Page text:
The Western Balkans, like many regions across the world, is navigating the disruptive effects of COVID-19 on their economies, while also digitalizing numerous critical sectors. Critical infrastructure (CI) is defined as “the physical and cyber systems and assets that are so vital to [a country] that their incapacity or destruction would have a debilitating impact on physical or economic security or public health or safety.” Recent threats emanating from malicious individual and nation-state actors remind us that cybersecurity considerations are vital to mitigate potentially widespread and devastating effects. In fact, the need to focus on network and system securities is only accelerated with the unique nature of digital challenges brought on by the COVID-19 pandemic in the region.
Understanding the Risk
Without appropriate cyber measures to secure CI assets (transportation, energy, healthcare, water transmission, etc.) across the region, these economies face large-scale implications with potential financial loss, mass failures, and even loss of life. This article explores efforts by the European Union and the U.S. Government (USG) to identify infrastructure investment gaps and support these entities in the region. These initiatives create opportunities to integrate cybersecurity resilience protocols with the digitalization of new infrastructure development. In particular, these efforts must address vulnerabilities caused by the convergence of enterprise information technology (IT) and operational technology (OT) networks. While IT networks house critical company data and connect computers and related devices across departments, OT networks support industrial control systems, within the manufacturing, utilities, and defense sectors, as well as key building infrastructure and facility systems such as lights, heating, and cooling. In the past, OT systems were mechanical or unnetworked, but as ‘smart’ systems proliferate with the Internet of Things (IoT)-connected sensors, IT and OT systems are increasingly interconnected.
As IT and OT converge, CI entities (owners, operators, and oversight bodies) face new vulnerabilities and threats to their assets. In 2017, the WannaCry ransomware attack infected computers in 150 countries and disrupted 80 percent of PetroChina gas stations. Perhaps a more devastating event the same year was the Notpetya malware attack, deemed by the White House as “the most destructive and costly cyberattack in history,” costing companies such as FedEx and Merck alone at least $400 million and $670 million, respectively to rebound, though its overall cost is unofficially estimated in the billions. While the attack has been attributed by the White House to the Russian military’s efforts to destabilize Ukraine, the effects spread much further, affecting various IT systems and approximately 25 percent of all oil-and-gas companies worldwide. The challenges with proliferation and convergence of IT networks with OT systems are further compounded by OT systems that run existing CI often with aging software and obsolete hardware, making them difficult to patch and highly vulnerable.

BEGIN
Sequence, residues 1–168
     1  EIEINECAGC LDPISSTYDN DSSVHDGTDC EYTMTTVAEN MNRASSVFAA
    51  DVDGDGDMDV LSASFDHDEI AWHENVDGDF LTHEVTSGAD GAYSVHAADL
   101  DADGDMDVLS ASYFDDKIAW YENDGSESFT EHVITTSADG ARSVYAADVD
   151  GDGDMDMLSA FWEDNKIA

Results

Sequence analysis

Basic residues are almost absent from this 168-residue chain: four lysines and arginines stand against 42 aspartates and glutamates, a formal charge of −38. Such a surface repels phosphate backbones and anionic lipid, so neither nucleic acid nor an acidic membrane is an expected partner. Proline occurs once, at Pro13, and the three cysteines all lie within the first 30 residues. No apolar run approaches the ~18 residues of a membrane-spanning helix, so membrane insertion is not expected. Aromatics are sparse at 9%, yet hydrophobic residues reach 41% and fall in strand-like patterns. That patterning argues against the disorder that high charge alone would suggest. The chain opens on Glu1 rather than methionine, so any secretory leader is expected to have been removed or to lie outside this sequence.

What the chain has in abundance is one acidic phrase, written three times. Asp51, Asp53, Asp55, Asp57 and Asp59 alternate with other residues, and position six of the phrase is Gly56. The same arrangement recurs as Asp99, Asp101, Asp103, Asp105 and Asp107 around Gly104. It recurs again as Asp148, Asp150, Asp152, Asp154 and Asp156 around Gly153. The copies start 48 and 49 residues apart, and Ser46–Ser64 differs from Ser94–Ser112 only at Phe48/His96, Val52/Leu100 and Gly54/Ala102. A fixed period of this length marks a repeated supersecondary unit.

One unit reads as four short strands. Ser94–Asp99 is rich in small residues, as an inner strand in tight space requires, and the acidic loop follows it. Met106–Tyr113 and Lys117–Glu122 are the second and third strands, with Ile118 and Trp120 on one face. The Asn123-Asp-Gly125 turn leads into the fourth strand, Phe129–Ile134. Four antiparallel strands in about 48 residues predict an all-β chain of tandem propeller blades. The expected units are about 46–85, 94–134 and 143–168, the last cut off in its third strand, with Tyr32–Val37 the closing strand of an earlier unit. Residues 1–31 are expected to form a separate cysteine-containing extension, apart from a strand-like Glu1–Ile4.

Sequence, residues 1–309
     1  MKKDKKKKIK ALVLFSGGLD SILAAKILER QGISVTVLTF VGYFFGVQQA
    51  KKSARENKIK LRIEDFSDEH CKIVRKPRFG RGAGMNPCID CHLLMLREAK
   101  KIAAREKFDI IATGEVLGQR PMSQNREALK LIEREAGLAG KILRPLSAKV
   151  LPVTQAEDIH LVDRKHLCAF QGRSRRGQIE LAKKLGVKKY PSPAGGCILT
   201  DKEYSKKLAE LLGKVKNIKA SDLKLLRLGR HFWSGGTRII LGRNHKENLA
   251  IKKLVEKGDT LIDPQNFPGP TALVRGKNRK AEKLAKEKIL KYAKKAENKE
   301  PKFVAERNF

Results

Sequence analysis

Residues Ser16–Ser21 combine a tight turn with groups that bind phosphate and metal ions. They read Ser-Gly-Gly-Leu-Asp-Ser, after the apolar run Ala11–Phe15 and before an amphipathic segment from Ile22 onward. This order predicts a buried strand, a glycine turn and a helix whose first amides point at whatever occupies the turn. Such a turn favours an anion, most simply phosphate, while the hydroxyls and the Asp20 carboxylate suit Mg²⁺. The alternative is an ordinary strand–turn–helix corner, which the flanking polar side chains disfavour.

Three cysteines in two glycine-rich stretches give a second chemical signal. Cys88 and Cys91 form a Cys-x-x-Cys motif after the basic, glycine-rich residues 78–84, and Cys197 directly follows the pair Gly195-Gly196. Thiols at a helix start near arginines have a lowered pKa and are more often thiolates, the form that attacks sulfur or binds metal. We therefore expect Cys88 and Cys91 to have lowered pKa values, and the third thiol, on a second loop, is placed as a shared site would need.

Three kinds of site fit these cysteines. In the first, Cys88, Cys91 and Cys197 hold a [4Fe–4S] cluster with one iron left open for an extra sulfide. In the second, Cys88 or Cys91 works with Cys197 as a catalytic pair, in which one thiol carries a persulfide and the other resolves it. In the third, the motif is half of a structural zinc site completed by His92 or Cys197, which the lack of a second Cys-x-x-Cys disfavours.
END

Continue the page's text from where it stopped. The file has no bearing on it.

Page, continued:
Picture from Pxfuel.
Infrastructure Development and New Opportunities in the Western Balkans
Fortunately, the European Union and USG have increased activity in the Western Balkans in the context of infrastructure development and digitalization. On October 6, the European Commission adopted an Economic and Investment Plan to utilize €9 billion of grant funding from the Instrument for Pre-Accession (IPA III) for the period 2021 to 2027, with CI at the heart of its 10 flagship initiatives. Moreover, the new Western Balkans Guarantee Facility can potentially mobilize up to €20 billion of investments in the next decade. The USG has also increased activity in the region, particularly in the latter half of 2020. On September 4, the White House facilitated the signing of the Economic Normalization Agreement between Serbia and Kosovo. Since then, several instrumental agencies such as the new U.S. International Development Finance Corporation (DFC, formerly OPIC) and U.S. Export-Import Bank (EXIM) have been mobilized to support the two countries and the wider region. As a statement of intent as to the prioritization of the region for DFC, on September 22 the agency opened its first permanent overseas office in Belgrade—a significant development given the implications of the 2018 BUILD Act, empowering the DFC with more than $60 billion in equity investments. Other agencies, such as the U.S. Agency for International Development, continue to pave way for regional stability with capacity building programs. In May, the agency awarded its first bilateral cybersecurity project to DAI and its consortium, a flagship initiative to reduce cybersecurity vulnerabilities in Ukraine’s CI sectors. These combined efforts by European Union and U.S. institutions are crucial in not only shoring up investment gaps in areas such as CI, but also in mandating rule of law and good governance.